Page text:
When we arrived at the farm for a workday on Saturday, the first thing I noticed was how the recent rain added a foggy haze to objects in the distance, and the droplets on the petals made the blue of the chicory flowers stand out against the mist. Chicory is lovely.
As we were exiting our truck, and Brandon began to load himself with tools and materials he brought to work with, I pointed out the blue chicory and white queen Anne's lace blooms around the outhouse. Aren't they pretty? Brandon glanced over and asked "you mean all those weeds?".
I'm pretty sure Brandon doesn't even know that both of these plants are from Europe, so they are in fact weeds in the truest sense. Not only didn't we plant them, they aren't even native to our county. But still, if we are going to be invaded by nonnative weeds, at least we can enjoy the flowers, right? If we wanted, we could eat them. Chicory leaves are supposed to have lots of vitamins, and queen Anne's lace is wild carrot.
I guess these flowers are too common this time of year to get much appreciation from Brandon. After he's spent hours mowing acres of them down, he probably doesn't view them as anything special. Queen Anne's lace also happens to bloom around the same time chiggers become more prevalent, so we tend to associate it with the time of year when being in the weeds means being itchy.
We didn't have to worry about chiggers though, because we spent the whole day working inside the house. One of the walls upstairs is mostly insulated, and over half has drywall. Progress!
The hardest and messiest job we did on Saturday was to put fiberglass insulation in one half of the upstairs ceiling. Who needs chiggers when we can get plenty itchy with fiberglass! Before we added the insulation, we stapled up these foam pieces that are supposed to direct any moisture that builds up between the insulation and roof, due to temperature change, toward the eaves. We read different reviews and some people said they worked, and others said they were a waste. It cost a dollar to do each space between the boards, which is just cheap enough that we decided to do it, but if it had been the least bit more expensive we probably would have skipped it since we aren't convinced it does anything.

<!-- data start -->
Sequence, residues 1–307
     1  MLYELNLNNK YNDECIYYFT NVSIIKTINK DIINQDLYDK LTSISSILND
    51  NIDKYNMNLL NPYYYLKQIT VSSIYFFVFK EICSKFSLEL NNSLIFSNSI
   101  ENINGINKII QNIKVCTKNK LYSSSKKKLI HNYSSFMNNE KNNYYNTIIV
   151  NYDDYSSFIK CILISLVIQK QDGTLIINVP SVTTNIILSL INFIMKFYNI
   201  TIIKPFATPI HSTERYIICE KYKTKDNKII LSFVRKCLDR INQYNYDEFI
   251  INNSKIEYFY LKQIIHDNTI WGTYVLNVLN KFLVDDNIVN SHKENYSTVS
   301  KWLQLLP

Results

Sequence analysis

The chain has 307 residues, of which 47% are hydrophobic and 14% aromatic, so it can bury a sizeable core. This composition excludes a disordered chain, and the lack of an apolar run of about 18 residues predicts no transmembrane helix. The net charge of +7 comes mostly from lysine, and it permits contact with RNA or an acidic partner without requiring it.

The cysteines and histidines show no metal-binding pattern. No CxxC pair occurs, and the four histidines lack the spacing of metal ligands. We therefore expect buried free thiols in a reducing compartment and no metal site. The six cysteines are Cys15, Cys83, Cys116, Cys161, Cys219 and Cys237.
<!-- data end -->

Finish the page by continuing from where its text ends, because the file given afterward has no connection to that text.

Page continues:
In the photo above, which I took while standing near the top of the staircase, you can see the insulation along the slanted roof, that will now be our ceiling. The horizontal boards that span the room below the insulation is what the drywall used to be attached to to create the ceiling of the room. This resulted in a ceiling that was so low, Brandon's head nearly touched, and we thought it felt quite oppressive. The benefit of the low ceiling would be energy efficiency, but hopefully by insulating the walls and the new high ceiling we haven't sacrificed efficiency.
By Sunday evening, this is the progress we made on adding the boards to the ceiling over the insulation. We spent quite a bit of time debating our approach, and working on the best way to handle the ceiling boards in relation to the now exposed horizontal boards, but I think in the end, it's going to be visually interesting architecture, having the boards exposed and the ceiling above them. I least I hope so, because this is definitely not the easiest or least expensive approach.